Monday, March 23, 2015

URSP Student Stephen Fabian Conducts a A Stratigraphic and Geophysical Analysis of the Former Green Run Inlet along Assateauge Island

 I have always been fascinated by the interaction between the ocean and coastal environment. It has been a blessing to have grown up in Virginia Beach, VA, and witness this on a daily basis. Surfing definitely drove my passion to study coastal environments for my undergraduate and graduate career. I was always amazed by the power of ocean and how it can change the geology of the land in a matter of hours. Being someone who enjoys the beach there was no way I could turn down an opportunity to do research on a barrier island. Also, to be doing my own research as an undergraduate really drove my passion to jump on this project. Being able to see data that I collected and then interpreting them with my own methods was something that really excited me.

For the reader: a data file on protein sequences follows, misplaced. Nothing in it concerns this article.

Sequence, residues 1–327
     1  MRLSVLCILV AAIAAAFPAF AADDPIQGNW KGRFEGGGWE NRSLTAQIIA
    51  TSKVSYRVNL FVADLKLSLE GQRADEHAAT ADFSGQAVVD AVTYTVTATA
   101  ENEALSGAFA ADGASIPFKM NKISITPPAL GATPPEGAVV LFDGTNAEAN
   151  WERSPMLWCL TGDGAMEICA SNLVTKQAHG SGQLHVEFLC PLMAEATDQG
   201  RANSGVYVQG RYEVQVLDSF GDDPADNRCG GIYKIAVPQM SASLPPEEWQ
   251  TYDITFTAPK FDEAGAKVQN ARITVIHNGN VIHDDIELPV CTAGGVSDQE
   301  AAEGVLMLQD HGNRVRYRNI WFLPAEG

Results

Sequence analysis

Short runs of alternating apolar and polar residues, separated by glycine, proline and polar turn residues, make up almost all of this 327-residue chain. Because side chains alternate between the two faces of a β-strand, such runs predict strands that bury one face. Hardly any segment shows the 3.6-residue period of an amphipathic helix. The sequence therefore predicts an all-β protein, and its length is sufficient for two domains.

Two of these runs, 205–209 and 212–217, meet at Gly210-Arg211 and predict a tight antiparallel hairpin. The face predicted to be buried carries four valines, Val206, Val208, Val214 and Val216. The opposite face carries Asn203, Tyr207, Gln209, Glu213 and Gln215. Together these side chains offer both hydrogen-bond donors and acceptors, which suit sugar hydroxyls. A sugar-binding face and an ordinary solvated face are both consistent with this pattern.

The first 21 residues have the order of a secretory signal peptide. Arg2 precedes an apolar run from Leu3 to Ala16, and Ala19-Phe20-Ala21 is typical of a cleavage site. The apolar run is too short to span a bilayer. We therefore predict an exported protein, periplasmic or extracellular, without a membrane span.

This research has opened the door to a number of graduate school opportunities. I have gained the necessary skills to conduct my own research at the graduate school level and potentially beyond. It has always been my goal to attend a graduate school program and with the help of this project it will definitely solidify my passion to continue to study coastal geology. Also, with the skills and knowledge gained from this research I hope to one day pass on my methods to future scholars in my field. 

On a weekly basis I am doing a number of things. Whether it is doing grain size analysis in the lab, creating graphs and figures in Adobe Illustrator, or constantly interpreting my data. There is no break during my research. There is always new questions to answered, data to be analyzed, or writing to be done. This week, I have been putting the finishing touches on making a 2-demensional model on the North-South Transect of the former Green Run Inlet. I have been analyzing and determining different facies among five sediment cores. I have discovered the stratigraphic correlations between the five sediment cores and have successfully placed the former position of the Green Run Inlet.